Virgina governor Tim Kaine signed into law on March 9th a bill that bans smoking in most restaurants and bars. Texas is considering a similar law. I suspect it will pass. Let’s just consider banning smoking in bars.

Before I start arguing that these types of laws are impermissible restrictions on individual liberty let me make it clear that I have no doubt that smoking is bad for the smoker’s health. I have spent a lot of time trying, with mixed success, to get my patients who smoke to stop. There is no amount of smoking that is safe. It’s bad. So why not ban it? Two good reasons. Governments don’t really want smokers to stop; they get too much tax revenue from the habit. Second, an outright ban would just make more business for the gangsters. Prohibition’s unsavory result still lingers. Thus the need to both tax and regulate practices the state finds distasteful.

Smoking is legal. Nobody has to spend any time in a smoke filled bar, either as a patron or as an employee. I wouldn’t. The proponents of smoking bans in places people visit voluntarily have a shaky case. They argue that second hand smoke is lethal. But so what if you’re only exposed to it voluntarily? John Stuart Mill in On Liberty (1859) said, The only purpose for which power can be rightfully exercised over any member of a civilized community, against his will, is to prevent harm to others. Over himself, over his own body and mind, the individual is sovereign. The message still hasn’t gotten across.

All sorts of convoluted logic is applied to get around Mill’s declaration of individual liberty. One argument goes like this. No one objects to speed limits in school zones. Banning smoking in bars has the same purpose. This should be self evident nonsense, but let’s show why. Children go to school, adults go to bars. Children occupy a protected space because they are not able to make informed decisions for themselves (unless it’s to get an abortion), hence the need for speed zones near schools. The constraint on individual liberty imposed when the state passes laws aimed at individual adult behavior cloaked in the guise of public health is impermissible if that behavior harms no one else. These laws stem from the belief that one class of citizens knows better how another should behave and intends to force that class to conform. The incoherence of the state’s position on individual liberty is total.

What’s behind all these attacks on smoking? Some of it is based on a sincere and scientifically based effort to reduce exposure to secondhand smoke in public places that nonsmokers must visit. But a lot of it, like the drive to ban smoking in bars, stems from an almost religious zeal on the part of some of my colleagues who are not amenable to reason. I’m going to catch hell from some of them over this statement.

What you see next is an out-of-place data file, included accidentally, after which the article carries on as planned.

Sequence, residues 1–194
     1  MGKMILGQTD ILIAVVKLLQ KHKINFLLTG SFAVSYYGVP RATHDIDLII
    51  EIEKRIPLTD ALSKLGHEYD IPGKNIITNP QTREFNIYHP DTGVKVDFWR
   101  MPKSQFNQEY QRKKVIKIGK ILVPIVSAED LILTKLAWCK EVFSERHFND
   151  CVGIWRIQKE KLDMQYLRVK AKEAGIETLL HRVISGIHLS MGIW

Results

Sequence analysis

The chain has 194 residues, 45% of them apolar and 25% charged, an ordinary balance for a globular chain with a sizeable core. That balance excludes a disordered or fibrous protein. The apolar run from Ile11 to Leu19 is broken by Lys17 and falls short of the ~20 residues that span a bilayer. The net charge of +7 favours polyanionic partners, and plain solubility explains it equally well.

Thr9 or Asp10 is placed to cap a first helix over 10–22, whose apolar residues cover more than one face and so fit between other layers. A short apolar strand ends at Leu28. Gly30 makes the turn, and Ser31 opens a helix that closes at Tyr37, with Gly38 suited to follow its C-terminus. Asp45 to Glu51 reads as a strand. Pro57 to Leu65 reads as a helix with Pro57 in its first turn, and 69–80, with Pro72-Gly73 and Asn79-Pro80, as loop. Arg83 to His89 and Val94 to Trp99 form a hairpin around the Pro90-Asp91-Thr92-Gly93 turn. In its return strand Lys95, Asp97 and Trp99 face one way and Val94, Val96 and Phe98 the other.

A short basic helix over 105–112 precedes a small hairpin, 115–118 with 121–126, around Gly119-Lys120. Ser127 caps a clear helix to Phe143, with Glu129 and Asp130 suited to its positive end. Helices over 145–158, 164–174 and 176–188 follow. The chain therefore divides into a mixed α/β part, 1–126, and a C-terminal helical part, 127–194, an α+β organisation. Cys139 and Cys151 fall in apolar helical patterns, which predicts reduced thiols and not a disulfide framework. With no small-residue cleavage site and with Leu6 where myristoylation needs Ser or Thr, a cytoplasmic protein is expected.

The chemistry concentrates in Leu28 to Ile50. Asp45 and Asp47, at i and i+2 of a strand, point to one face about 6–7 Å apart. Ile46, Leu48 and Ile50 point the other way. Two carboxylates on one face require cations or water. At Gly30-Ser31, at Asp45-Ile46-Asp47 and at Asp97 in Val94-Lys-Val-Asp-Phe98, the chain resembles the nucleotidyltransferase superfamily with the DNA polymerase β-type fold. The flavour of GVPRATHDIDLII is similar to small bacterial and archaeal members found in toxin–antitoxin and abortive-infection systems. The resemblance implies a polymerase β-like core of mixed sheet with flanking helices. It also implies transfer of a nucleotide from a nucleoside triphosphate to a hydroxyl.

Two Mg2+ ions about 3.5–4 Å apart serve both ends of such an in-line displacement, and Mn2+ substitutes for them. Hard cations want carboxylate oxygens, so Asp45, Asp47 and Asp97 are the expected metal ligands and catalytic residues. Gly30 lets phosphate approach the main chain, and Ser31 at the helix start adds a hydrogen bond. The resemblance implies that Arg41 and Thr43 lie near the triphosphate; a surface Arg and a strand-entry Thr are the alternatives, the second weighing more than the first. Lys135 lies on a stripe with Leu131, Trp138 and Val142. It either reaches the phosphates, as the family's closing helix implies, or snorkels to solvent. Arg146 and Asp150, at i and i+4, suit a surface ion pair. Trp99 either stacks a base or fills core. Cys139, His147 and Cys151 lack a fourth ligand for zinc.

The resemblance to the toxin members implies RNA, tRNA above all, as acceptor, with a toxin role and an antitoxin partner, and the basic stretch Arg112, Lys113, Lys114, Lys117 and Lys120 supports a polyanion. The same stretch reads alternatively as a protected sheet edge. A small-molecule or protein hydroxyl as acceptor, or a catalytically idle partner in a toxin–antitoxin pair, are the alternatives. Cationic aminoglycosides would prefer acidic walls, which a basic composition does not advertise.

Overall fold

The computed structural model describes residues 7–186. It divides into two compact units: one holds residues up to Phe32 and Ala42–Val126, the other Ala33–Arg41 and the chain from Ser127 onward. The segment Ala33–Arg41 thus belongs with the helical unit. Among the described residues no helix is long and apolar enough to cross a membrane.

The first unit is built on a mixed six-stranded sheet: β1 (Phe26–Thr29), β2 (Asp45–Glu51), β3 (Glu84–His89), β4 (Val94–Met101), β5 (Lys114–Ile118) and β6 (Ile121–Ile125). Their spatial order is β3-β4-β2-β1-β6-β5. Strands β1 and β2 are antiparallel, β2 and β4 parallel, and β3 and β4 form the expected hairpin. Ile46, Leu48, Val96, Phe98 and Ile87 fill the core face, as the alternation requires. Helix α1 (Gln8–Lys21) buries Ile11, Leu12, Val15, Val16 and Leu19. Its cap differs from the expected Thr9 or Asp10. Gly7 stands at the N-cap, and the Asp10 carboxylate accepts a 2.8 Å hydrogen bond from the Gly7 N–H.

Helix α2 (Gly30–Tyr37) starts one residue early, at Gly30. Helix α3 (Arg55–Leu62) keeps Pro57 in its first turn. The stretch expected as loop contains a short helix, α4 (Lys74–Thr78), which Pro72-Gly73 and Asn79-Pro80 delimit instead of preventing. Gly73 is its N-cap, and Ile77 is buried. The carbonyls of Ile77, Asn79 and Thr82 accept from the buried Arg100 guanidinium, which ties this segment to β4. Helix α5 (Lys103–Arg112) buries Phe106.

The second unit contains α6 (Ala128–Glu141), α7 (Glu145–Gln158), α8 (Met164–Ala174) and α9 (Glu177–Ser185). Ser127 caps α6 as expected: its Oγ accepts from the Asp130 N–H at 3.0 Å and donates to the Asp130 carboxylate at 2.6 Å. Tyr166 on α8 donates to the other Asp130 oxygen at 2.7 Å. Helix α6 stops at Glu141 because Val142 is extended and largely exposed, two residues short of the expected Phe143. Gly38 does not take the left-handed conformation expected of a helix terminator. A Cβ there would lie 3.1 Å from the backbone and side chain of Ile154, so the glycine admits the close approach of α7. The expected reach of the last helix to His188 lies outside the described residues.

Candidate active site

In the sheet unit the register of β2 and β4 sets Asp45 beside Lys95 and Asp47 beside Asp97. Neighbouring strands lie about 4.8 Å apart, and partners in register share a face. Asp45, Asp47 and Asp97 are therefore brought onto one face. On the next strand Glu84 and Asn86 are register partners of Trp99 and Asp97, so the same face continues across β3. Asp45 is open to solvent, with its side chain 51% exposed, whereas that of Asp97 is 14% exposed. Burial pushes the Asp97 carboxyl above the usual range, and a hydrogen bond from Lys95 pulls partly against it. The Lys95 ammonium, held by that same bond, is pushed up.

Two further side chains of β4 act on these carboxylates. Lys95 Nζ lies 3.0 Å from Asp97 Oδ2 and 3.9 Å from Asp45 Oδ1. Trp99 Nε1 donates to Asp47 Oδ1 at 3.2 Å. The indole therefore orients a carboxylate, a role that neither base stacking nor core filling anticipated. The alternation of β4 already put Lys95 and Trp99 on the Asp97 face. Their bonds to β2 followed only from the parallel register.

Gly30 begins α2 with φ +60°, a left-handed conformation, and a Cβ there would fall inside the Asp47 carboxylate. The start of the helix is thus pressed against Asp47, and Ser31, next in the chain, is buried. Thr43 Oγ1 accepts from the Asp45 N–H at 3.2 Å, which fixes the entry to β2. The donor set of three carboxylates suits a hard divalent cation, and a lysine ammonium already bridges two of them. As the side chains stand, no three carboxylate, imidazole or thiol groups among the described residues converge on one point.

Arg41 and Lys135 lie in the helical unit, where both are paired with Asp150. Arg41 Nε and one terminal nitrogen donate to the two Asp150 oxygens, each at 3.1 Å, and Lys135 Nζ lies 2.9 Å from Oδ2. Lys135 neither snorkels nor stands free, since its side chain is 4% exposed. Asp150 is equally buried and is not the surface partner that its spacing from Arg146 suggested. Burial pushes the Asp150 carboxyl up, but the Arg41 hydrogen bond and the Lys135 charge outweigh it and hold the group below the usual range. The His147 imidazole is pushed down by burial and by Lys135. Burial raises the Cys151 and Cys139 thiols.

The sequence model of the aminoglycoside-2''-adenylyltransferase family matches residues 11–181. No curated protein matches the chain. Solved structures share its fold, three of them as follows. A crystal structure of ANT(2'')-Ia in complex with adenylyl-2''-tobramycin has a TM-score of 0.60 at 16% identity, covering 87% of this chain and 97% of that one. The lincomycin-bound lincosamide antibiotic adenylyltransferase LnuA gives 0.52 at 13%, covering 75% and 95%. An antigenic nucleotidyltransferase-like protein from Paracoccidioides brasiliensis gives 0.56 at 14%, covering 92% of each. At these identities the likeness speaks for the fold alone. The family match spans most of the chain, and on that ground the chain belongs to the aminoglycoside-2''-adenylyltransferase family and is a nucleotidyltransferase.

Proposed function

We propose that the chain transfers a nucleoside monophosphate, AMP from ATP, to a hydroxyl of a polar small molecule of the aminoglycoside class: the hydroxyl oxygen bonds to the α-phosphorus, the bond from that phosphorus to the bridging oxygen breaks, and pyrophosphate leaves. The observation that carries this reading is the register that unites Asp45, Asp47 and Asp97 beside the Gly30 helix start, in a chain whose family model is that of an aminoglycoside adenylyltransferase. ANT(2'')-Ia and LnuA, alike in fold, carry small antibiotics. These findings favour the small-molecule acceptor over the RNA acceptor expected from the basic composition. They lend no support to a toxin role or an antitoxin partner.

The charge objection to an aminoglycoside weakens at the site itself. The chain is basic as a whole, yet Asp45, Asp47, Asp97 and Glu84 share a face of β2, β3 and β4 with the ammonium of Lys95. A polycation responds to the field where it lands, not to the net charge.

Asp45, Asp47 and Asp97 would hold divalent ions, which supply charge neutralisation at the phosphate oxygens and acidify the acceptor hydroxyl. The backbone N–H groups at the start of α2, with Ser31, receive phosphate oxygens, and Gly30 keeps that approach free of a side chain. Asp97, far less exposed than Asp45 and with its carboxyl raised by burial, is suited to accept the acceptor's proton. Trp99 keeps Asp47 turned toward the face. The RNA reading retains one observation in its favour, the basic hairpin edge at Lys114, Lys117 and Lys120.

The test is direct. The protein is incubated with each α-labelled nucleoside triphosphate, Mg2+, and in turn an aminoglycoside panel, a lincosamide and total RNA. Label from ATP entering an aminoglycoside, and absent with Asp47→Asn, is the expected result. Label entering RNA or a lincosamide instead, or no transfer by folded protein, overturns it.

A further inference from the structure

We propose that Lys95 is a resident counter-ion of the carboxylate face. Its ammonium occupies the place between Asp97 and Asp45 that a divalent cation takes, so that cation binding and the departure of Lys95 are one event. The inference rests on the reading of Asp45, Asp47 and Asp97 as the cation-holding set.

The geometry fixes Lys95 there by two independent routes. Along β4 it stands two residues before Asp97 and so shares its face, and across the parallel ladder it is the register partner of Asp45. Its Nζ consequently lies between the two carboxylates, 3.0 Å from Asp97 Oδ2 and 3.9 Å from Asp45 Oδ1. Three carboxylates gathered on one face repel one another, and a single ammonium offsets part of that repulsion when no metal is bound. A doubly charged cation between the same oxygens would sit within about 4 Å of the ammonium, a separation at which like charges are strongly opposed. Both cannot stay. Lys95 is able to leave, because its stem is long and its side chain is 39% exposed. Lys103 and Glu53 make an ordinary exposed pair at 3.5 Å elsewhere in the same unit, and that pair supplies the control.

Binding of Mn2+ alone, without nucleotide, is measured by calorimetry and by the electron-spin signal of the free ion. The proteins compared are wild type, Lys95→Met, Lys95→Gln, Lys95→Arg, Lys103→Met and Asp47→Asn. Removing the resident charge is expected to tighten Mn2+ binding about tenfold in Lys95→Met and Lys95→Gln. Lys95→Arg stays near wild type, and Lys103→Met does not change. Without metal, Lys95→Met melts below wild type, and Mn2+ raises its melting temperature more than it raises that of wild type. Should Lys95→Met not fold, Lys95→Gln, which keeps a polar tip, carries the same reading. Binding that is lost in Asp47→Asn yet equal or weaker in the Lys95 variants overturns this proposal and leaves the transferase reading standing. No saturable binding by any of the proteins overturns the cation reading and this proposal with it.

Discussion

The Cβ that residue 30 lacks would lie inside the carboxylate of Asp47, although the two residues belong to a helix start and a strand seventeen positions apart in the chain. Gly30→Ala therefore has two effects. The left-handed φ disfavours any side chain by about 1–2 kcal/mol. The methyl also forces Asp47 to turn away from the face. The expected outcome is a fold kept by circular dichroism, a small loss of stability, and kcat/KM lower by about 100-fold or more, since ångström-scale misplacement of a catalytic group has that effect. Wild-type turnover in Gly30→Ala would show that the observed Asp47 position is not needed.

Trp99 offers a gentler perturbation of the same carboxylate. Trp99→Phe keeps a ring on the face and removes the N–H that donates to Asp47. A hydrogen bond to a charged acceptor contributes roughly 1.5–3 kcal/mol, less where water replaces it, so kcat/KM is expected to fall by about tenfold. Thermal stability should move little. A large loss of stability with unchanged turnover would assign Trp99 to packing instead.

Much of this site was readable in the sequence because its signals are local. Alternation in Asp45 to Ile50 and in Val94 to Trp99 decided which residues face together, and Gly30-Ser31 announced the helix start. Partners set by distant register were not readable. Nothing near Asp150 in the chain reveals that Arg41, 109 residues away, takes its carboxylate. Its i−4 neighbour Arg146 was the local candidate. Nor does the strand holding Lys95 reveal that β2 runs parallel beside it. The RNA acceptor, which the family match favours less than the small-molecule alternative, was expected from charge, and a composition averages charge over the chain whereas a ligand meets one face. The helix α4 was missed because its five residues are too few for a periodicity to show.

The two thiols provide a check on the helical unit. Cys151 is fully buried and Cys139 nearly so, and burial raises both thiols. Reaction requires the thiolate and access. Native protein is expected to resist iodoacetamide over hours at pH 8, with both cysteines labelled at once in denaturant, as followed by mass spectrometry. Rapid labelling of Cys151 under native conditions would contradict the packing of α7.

This zeal has carried them to a scientific Never Never Land where wishes substitute for science. Let’s look at some of the evidence that purports to demonstrate the lethal effects of secondhand smoke. The American Lung Association has a Secondhand Fact Sheet that lists the deleterious effects of this noxious substance. This broadside gives no evidence to support its claims. It does refer the reader to the Surgeons General’s report on the subject. But it too gives no data.

The American Lung Association when it claims that 50,00 Americans die annually from secondhand refers the reader to the state of California’s Proposed Identification of Environmental Tobacco Smoke as a Toxic Air Contaminant. This analysis of the components of cigarette smoke in various environments tries to estimate how many deaths would occur if their initial assumptions of the effects of environmental smoke were valid. It doesn’t measure how many people die a year from secondhand smoke. It could be right, but it could be completely wrong. The report has no direct epidemiological evidence in it to support its conclusions. Such evidence would admittedly be very hard to come by. Neither is there any direct evidence that reducing environmental tobacco smoke would have a demonstrable effect on public health. But these reports all based on assumptions have been widely disseminated as absolute fact as to the precise harm caused by secondhand smoke.

In the absence of conclusive evidence, the prudent policy would be to forbid smoking in public places that contain people who don’t want to be exposed to smoke but who must be there regardless of whether there is smoke there or not, again like the workplace. There is, however, no justification for banning smoking in public places that people voluntarily visit with the knowledge that they’ll be exposed to smoke. Preventing voluntary exposure to secondhand smoke while allowing exposure to first-hand smoke is risible even if proof positive as to the harm caused by environmental smoke were available. The Virginia law says you can expose yourself to smoke from your own cigarette, but not from someone else’s. Does this jib with Over himself, over his own body and mind, the individual is sovereign?

None of the above will make any difference. The urge to tell other people how to behave because you know better than they do is irresistible. The best way to deal with this problem is to mandate that places of public accommodation that allow smoking prominently display notice that they do so and include this notice in all their ads. The public that objects to eating or drinking in rooms containing smoke will stay away and force businesses that are smoke friendly to take a financial hit and perhaps change their ways.

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